A strong opening to the third-quarter earnings season sparked a late week, broad-based rally that helped stocks finish the week with solid gains.
The Dow Jones Industrial Average rose 1.58%, while the Standard & Poor’s 500 added 1.82%. The Nasdaq Composite index led, gaining 2.18% for the week. The MSCI EAFE index, which tracks developed overseas stock markets, was up 1.37%.1,2,3
Investor Optimism Returns
After beginning the week on a lackluster note, stocks turned higher on Wednesday as companies kicked off a new earnings season and details about the Fed’s taper plans emerged. Investor enthusiasm shifted into high gear the following day on positive economic data and earnings reports that exceeded investor expectations. Buying continued through Friday on fresh earnings surprises and a better-than-expected retail sales report.
The economic data allayed some concerns about inflationary pressures and economic deceleration, while early earnings results provided hope that companies had weathered the surge in summer Covid infections. Nevertheless, worries about how supply-chain disruption and higher prices may impact corporate earnings guidance haven’t gone away.
Let the Tapering Begin
Minutes from September’s Federal Open Market Committee released last week provided detail around the Fed’s plans to taper its $120 billion monthly bond purchase program. The Fed expects to reduce its purchases by $15 billion each month, beginning in mid-November/December and ending in June 2022.4
This tapering schedule is somewhat faster than what investors were anticipating, reflecting the Fed’s concern that inflation has been somewhat higher and more persistent than it had anticipated, with continuing supply-chain bottlenecks raising that risk level. Fed Chair Powell’s commitment to transparency and advanced signaling of policy changes appeared to have worked, as markets greeted the news calmly. In fact, stocks rallied strongly the following day as yields moved lower.
Have a great week!
Trish and Sean
Autumn morning on the Vag River, near Žilina, Slovakia.
Footnotes and Sources
2. The Wall Street Journal, October 15, 2021
3. The Wall Street Journal, October 15, 2021
4. The Wall Street Journal, October 13, 2021
5. IRS.gov, February 26, 2021
6. healthline.com, June 24, 2021
Investing involves risks, and investment decisions should be based on your own goals, time horizon, and tolerance for risk. The return and principal value of investments will fluctuate as market conditions change. When sold, investments may be worth more or less than their original cost.
The forecasts or forward-looking statements are based on assumptions, may not materialize, and are subject to revision without notice.
The market indexes discussed are unmanaged, and generally, considered representative of their respective markets. Index performance is not indicative of the past performance of a particular investment. Indexes do not incur management fees, costs, and expenses. Individuals cannot directly invest in unmanaged indexes. Past performance does not guarantee future results.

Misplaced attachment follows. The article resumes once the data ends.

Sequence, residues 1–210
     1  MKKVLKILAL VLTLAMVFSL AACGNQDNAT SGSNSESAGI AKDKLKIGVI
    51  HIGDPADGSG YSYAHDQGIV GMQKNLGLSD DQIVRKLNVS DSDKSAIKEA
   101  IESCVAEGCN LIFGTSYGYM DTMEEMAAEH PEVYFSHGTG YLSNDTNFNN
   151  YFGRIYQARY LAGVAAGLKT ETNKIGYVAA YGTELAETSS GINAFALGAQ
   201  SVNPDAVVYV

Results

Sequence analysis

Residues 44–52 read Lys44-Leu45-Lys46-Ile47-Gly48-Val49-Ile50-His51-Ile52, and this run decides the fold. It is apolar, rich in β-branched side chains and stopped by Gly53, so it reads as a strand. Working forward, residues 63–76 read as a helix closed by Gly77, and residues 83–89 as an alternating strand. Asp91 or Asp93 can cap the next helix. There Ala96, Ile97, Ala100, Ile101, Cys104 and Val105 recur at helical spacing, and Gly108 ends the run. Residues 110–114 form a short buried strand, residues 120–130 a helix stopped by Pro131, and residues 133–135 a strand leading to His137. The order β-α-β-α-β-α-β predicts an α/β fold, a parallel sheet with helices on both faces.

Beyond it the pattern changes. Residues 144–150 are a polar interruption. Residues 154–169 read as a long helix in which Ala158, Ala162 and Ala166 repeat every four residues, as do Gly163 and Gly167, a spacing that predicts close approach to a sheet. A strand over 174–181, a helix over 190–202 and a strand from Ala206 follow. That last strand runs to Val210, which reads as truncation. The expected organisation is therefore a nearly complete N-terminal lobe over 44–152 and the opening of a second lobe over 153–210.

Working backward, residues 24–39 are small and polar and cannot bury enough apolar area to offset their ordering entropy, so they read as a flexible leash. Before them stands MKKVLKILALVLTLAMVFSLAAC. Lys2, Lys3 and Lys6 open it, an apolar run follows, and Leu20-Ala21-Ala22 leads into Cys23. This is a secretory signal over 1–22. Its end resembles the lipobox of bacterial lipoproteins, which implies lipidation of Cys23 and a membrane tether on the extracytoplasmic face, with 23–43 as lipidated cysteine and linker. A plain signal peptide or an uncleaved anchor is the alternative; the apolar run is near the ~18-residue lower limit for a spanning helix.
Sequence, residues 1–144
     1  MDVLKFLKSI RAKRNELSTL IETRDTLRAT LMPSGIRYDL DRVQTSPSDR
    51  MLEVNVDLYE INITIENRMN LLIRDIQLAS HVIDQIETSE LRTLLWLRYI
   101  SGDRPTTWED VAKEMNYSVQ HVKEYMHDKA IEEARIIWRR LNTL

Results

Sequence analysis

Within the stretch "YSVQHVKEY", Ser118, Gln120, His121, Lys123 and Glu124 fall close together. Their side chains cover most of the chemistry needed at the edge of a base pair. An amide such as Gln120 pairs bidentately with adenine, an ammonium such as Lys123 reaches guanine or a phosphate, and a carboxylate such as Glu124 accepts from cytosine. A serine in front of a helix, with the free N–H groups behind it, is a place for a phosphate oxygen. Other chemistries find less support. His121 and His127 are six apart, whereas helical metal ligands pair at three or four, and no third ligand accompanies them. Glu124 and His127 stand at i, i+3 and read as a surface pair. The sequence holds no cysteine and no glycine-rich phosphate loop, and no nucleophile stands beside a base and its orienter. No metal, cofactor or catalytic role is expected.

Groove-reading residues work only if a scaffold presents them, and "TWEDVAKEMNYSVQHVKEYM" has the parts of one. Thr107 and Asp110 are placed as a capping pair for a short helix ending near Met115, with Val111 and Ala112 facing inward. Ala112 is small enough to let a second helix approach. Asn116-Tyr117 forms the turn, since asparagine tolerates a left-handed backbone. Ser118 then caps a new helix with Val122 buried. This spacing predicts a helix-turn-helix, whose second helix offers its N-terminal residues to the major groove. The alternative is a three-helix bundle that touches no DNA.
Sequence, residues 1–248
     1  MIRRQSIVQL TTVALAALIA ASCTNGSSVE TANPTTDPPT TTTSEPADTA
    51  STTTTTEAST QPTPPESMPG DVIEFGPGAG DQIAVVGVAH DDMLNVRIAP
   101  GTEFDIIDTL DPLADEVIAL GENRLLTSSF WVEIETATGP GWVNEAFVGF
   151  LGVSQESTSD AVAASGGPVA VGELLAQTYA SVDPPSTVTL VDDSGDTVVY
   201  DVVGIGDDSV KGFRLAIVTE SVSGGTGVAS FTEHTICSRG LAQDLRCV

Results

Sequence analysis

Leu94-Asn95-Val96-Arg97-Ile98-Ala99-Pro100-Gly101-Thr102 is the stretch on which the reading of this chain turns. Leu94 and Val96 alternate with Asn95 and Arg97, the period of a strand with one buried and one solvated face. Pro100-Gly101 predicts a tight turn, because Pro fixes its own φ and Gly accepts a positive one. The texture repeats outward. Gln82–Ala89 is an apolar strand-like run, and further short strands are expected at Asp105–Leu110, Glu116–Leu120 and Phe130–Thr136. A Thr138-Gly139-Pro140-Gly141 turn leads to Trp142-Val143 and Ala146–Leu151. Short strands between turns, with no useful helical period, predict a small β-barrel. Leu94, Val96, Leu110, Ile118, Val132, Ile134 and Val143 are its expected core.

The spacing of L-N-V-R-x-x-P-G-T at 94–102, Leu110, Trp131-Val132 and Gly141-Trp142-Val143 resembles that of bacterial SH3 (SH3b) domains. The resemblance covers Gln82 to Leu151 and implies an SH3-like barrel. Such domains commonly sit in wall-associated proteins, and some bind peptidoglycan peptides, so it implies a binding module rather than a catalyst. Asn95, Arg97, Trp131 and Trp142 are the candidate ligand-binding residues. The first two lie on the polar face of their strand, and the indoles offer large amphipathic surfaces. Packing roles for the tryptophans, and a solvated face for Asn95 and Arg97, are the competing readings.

The Dow Jones Industrial Average is an unmanaged index that is generally considered representative of large-capitalization companies on the U.S. stock market. Nasdaq Composite is an index of the common stocks and similar securities listed on the NASDAQ stock market and is considered a broad indicator of the performance of technology and growth companies. The MSCI EAFE Index was created by Morgan Stanley Capital International (MSCI) and serves as a benchmark of the performance of major international equity markets, as represented by 21 major MSCI indexes from Europe, Australia, and Southeast Asia. The S&P 500 Composite Index is an unmanaged group of securities that are considered to be representative of the stock market in general.
U.S. Treasury Notes are guaranteed by the federal government as to the timely payment of principal and interest. However, if you sell a Treasury Note prior to maturity, it may be worth more or less than the original price paid. Fixed income investments are subject to various risks including changes in interest rates, credit quality, inflation risk, market valuations, prepayments, corporate events, tax ramifications and other factors.
International investments carry additional risks, which include differences in financial reporting standards, currency exchange rates, political risks unique to a specific country, foreign taxes and regulations, and the potential for illiquid markets. These factors may result in greater share price volatility.
Please consult your financial professional for additional information.
This content is developed from sources believed to be providing accurate information. The information in this material is not intended as tax or legal advice. Please consult legal or tax professionals for specific information regarding your individual situation. This material was developed and produced by FMG Suite to provide information on a topic that may be of interest. FMG is not affiliated with the named representative, financial professional, Registered Investment Advisor, Broker-Dealer, nor state- or SEC-registered investment advisory firm. The opinions expressed and material provided are for general information, and they should not be considered a solicitation for the purchase or sale of any security.
Copyright 2021 FMG Suite.
Weekly Market Insights: Fed Unveils Tapering Plans
| October 18, 2021